Monday, 27 June 2011

Mosaic - Art Blakey & The Jazz Messengers

A 50th anniversary in music is always impressive. 25 is good, but 5 is just desperate, although someone is no doubt writing about and eulogising over Burial’s debut album this year. Longevity being subjective, and music being so damn personal, in 2041 someone on the ‘net will be celebrating the 50th anniversary of EMF’s ‘Schubert Dip’ album - well, it must mean something to somebody.
   So it happens to be 50 years since Rudy Van Gelder mic’d up The Jazz Messengers. That’s the new Jazz Messengers, with Freddie Hubbard and Cedar Walton replacing Lee Morgan and Bobby Timmons. It seems impossible to replace Morgan, but here’s Hubbard, with plenty in his cupboard to make sure that the former man with the horn in this outfit was not missed too much. Aside from these hip replacements, Art went bigger, to sextet-size, with the addition of Curtis Fuller on trombone. Curtis didn’t just as another big sound dimension to the band, he wrote ‘Arabia’. Hubbard wrote ‘Down Under’ and ‘Crisis’, whilst Walton contributed the title tune. So they were a fairly talented trio, and not bad players.
   Someone said that Shorter’s sax-playing sounded like ‘scrambled eggs’, to which Art replied ‘Yeah, but it’s the way he scrambles them’. Quite. Wayne gets to scrambling here, and reaches far-out fantastical places at times, the kinds of places that earned him the moniker ‘Mr Weird. He would get weirder, and get modal with Miles, but if he’d never left The Messengers I think his time on earth would have been well spent.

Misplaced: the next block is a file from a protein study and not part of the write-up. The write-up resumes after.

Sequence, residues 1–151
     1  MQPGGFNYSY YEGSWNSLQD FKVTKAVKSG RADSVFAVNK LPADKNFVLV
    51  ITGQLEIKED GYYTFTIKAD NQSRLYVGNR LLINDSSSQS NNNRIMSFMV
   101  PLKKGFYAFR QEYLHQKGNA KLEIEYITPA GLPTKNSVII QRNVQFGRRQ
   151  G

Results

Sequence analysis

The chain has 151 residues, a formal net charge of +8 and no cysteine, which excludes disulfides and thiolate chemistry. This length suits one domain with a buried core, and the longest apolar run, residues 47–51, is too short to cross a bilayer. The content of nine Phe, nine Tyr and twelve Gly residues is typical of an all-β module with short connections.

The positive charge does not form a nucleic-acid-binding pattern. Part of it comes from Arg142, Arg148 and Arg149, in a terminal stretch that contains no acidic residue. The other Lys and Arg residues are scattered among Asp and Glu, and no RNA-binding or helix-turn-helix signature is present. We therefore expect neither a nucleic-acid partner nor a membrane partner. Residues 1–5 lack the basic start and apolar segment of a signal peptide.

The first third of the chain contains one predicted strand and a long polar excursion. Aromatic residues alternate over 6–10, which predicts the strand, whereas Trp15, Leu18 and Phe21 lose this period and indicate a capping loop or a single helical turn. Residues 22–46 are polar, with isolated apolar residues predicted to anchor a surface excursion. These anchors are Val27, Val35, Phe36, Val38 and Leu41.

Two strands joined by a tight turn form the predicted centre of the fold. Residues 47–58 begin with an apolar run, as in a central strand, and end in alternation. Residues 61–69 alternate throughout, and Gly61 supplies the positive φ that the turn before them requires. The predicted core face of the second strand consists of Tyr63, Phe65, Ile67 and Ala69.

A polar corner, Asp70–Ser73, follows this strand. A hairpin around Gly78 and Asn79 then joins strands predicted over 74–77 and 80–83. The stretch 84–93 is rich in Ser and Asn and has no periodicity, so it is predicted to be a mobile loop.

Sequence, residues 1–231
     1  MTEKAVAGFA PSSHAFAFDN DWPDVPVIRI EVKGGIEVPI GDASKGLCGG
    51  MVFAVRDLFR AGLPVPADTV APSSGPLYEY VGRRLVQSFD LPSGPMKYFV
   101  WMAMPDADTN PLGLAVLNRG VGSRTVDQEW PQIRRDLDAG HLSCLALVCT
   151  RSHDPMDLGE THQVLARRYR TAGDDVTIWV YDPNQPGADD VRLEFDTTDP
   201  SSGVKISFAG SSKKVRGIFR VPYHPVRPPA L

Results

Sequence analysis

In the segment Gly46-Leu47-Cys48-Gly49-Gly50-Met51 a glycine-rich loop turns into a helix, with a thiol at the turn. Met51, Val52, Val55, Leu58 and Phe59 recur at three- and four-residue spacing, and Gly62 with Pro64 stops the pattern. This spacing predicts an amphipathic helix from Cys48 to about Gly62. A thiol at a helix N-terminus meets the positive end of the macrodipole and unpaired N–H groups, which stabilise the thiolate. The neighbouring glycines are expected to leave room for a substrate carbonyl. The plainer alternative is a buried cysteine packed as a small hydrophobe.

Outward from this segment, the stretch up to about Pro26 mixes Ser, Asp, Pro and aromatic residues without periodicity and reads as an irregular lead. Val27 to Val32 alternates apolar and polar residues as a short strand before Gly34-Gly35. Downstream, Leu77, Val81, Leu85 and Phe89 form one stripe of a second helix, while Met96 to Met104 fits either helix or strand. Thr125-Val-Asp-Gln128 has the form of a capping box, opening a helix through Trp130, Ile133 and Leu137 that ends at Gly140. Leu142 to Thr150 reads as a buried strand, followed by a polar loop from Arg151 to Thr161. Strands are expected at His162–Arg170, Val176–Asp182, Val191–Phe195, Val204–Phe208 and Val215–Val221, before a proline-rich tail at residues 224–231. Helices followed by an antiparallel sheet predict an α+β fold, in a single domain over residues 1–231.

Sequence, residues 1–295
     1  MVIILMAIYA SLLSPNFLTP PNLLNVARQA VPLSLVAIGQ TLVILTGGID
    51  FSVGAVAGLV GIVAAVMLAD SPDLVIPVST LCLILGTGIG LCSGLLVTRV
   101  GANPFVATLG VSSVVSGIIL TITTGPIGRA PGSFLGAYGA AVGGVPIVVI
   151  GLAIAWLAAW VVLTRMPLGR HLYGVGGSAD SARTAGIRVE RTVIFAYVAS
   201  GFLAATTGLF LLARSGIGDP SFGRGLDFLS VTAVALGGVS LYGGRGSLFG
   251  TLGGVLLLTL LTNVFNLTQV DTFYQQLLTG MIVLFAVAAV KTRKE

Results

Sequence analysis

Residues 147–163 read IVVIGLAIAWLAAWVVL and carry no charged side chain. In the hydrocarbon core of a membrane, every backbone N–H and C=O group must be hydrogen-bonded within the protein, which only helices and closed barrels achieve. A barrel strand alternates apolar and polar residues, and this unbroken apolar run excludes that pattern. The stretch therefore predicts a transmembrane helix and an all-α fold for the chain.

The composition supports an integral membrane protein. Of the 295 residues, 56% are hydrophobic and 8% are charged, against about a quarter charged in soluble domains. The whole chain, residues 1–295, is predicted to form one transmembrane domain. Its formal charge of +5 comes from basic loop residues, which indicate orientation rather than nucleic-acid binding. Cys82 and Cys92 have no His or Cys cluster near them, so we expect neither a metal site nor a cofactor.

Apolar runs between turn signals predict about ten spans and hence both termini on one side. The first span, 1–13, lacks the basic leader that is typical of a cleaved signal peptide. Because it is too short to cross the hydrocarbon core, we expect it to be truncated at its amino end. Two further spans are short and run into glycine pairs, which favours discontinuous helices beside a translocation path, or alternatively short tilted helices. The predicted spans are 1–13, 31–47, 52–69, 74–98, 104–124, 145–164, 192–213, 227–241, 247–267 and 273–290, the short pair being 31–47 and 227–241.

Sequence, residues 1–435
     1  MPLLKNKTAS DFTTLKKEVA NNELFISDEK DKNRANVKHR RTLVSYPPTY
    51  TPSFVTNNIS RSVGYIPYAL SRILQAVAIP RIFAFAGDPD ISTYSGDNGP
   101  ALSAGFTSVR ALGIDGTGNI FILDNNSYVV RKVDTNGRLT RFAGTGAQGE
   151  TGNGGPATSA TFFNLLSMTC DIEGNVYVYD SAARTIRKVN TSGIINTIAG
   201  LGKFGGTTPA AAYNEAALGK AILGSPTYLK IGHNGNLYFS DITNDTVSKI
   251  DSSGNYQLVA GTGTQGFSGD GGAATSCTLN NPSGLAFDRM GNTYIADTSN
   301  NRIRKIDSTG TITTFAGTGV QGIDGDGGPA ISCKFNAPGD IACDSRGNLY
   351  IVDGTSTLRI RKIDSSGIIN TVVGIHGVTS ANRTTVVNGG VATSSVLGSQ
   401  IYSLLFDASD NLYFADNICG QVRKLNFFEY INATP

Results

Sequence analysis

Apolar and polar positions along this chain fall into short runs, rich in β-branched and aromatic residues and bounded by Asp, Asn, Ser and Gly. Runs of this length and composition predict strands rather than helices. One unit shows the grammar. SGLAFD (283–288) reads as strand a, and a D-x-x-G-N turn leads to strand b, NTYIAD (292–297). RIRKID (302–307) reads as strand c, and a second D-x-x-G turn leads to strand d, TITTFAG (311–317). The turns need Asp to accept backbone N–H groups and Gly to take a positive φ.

As for Art, what can I say? He played drums with such power, precision and feeling. That’s all I can say right now.
   You should have this on vinyl. I don’t say that often, but the Blue Note sound is one that warrants still having one of those olde decks, with needles you have to lift and place on those big round black discs. A house is not a home without a Blue Note record in it.

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